favour of the Roman catholics, Savile brought in a bill to secure the protestant religion from any encroachments of popery (Parl. Hist. xxi. 714–15, 717, 724–5), which passed through the House of Commons but was thrown out by the lords. He strongly opposed North's ill-considered loan of 12,000,000l., and unsuccessfully moved, on 26 March 1781, for a select committee of inquiry.
On 12 June 1781 Savile supported Fox's motion for a committee to take into consideration the state of the American war, and on 7 May 1782 he warmly supported Pitt's motion for parliamentary reform (ib. xxii. 1429–30). While supporting a similar motion on 6 May 1783, Savile was compelled by sudden illness to break off his speech (ib. xxiii. 846). It does not appear that he ever spoke again in the house. He resigned his seat in November on account of the state of his health. He died at Brompton in the arms of his friend, David Hartley, on 10 Jan. 1784, aged 57, and was buried in the family vault in Thornhill church in the West Riding of Yorkshire on the 24th.
Savile was a staunch whig of unimpeachable character and large fortune. He devoted the whole of his time to public affairs, and was greatly respected by his contemporaries for his unbending integrity and his unostentatious benevolence. In person he was slightly above the average height. He had a slender figure, a sallow complexion, and a feeble voice. Though destitute of oratorical power, his speeches were clear, forcible, and persuasive. When Fox was asked by Lord Holland who had been the best speaker in his time who had never held office, he is said to have answered, ‘Sir George Savile and Mr. Windham.’ Lord Rockingham relied greatly upon his judgment for guidance in political matters. Burke describes him as ‘a true genius, with an understanding vigorous, and acute and refined, and distinguishing even to excess; and illuminated with a most unbounded, peculiar, and original cast of imagination’ (Works, 1815, iii. 392). ‘He had a head,’ Horace Walpole says, ‘as acutely argumentative as if it had been made by a German logician for a model,’ while he shrewdly adds: ‘Though his reason was sharp, his soul was candid, having none of the acrimony or vengeance of party; thence was he of greater credit than service to that in which he listed’ (Memoirs of the Reign of George III, i. 279).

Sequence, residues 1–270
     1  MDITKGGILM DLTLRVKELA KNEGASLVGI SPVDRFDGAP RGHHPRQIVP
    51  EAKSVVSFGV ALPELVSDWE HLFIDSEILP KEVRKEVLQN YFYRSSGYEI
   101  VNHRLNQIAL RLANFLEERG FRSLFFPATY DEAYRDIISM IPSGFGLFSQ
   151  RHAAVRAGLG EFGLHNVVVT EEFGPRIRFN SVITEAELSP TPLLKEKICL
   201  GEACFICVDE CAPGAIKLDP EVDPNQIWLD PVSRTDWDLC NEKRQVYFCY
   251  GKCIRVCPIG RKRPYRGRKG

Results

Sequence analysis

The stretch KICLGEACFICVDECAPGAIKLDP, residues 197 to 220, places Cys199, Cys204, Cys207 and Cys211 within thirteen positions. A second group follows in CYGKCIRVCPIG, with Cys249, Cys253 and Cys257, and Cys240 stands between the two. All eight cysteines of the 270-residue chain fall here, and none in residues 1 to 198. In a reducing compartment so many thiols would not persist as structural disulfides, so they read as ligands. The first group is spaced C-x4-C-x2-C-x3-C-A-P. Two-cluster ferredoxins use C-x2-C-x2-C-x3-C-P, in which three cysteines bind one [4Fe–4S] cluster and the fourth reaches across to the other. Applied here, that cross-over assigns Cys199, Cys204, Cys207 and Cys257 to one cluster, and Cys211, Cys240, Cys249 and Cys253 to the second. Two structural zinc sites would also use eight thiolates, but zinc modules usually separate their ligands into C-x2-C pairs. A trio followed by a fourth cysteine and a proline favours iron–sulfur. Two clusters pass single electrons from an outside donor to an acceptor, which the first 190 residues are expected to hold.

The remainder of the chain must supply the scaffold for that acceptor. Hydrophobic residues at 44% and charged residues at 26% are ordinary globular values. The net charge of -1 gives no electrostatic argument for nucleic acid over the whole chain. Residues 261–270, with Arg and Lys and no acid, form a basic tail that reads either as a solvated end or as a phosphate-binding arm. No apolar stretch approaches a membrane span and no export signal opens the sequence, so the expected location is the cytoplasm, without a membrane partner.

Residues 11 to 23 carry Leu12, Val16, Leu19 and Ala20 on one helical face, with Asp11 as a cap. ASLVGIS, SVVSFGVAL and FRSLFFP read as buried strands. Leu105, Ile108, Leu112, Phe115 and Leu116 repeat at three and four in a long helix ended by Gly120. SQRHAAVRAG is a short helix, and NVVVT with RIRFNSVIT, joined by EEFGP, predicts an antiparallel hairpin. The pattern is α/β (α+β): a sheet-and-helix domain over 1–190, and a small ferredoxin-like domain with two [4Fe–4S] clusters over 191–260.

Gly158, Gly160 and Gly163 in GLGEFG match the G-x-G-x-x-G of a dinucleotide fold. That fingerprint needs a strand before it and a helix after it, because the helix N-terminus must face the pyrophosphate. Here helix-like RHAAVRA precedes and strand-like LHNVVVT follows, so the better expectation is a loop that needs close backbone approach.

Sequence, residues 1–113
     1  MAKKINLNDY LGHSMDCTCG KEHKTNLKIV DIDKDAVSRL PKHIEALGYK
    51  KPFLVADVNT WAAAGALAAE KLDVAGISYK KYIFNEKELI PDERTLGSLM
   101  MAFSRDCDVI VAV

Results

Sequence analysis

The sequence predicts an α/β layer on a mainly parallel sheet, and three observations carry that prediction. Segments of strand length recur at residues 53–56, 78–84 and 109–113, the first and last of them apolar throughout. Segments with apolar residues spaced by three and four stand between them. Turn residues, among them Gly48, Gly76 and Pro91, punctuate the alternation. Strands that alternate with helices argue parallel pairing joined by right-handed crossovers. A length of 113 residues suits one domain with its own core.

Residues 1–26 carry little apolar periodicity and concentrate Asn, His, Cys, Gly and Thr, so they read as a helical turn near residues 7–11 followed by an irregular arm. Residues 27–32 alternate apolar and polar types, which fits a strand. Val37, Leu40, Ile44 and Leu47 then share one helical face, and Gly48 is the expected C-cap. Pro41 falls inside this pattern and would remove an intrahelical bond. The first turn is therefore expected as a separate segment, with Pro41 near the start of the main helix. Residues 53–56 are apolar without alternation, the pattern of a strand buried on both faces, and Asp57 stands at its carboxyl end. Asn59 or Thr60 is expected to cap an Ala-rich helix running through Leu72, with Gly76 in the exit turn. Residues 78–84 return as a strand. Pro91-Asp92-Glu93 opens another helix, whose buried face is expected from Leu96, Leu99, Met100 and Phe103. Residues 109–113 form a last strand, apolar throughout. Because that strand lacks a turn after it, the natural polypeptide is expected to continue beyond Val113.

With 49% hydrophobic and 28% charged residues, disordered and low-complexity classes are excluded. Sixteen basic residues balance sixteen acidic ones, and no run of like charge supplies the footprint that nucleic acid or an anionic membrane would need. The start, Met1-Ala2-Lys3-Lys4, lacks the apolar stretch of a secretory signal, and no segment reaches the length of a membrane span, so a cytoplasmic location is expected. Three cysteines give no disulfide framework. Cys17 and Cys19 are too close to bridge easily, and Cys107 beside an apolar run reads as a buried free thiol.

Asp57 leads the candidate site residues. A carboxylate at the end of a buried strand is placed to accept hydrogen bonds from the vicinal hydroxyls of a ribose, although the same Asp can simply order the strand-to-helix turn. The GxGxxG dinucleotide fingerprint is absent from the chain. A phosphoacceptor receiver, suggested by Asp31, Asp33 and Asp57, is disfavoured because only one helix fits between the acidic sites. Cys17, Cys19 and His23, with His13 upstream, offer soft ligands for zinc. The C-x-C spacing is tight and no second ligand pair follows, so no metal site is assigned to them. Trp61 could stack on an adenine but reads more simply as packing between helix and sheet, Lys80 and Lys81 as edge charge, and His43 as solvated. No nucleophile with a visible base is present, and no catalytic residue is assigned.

Savile was a fellow of the Royal Society, vice-president of the Society of Arts and Sciences, and colonel of the first battalion of the West Riding militia. He was presented with the freedom of the town of Nottingham in July 1776, and was a warm supporter of the Yorkshire Association. He never married. The baronetcy became extinct on his death. He devised the Brierley estate in Yorkshire, and the whole of his Irish estates, which were chiefly in co. Fermanagh, to his niece, Mrs. Foljambe, daughter and heir of his elder sister, Arabella (d. 1767). The bulk of his property in Yorkshire and Nottinghamshire (including Rufford and Thornhill) he left to the Hon. Richard Lumley, a younger son of his sister Barbara, wife of Richard Lumley Saunderson, fourth earl of Scarborough, who thereupon assumed the additional surname of Savile [see Savile, John, Baron Savile, (1818–1896)].
Savile was the author of ‘An Argument concerning the Militia’ [anon.], London? 1762? 4to. His papers and correspondence are in the possession of the Right Hon. F. J. Savile-Foljambe at Osberton, near Worksop. A number of his letters on the subject of political and economical reform, will be found in Wyvill's ‘Political Papers’ (vols. i.–iii.), and some few are printed in Lord Albemarle's ‘Memoirs of the Marquis of Rockingham.’ Dr. Newton Ogle, dean of Winchester, who promised to write Savile's life (Wyvill, Political Papers, vi. 338–40), appears to have abandoned his self-imposed task.
There are portraits of Savile by Wilson at Osberton and at Rufford. Another portrait by Richard Wilson, R.A., was lent to the loan collection of national portraits at South Kensington in 1867 by the Trinity House, Hull (Cat. No. 490). There are engravings of Savile by Basire after Wilson, and by Bartolozzi after Fisher. A marble statue of Savile was erected in York Cathedral by public subscription, and his bust adorns the mausoleum erected to the memory of Lord Rockingham in Wentworth Park.
[Lord Mahon's History of England, 1858, vols. v. vi. vii.; Wraxall's Historical and Posthumous Memoirs, 1884, ii. 96, 98, 109, 442–3, iii. 74, 245; Lord Edmond Fitzmaurice's Life of William, Earl of Shelburne, 1875–6, ii. 205, 207, 248–9, iii. 59, 71; Political Memoranda of Francis, fifth Duke of Leeds (Camden Soc.), pp. 32, 73; Chatham Correspondence, 1838–40, iv. 125–6, 131; Memoirs of the Life of Sir Samuel Romilly, 1840, i. 121, 144; Georgian Era, 1832, i. 542–3; Nineteenth Century, xv. 1023–36; Allen's History of Yorkshire, 1828, i. 307; White's Nottinghamshire, 1844, pp. 646–7; Wheatley and Cunningham's London Past and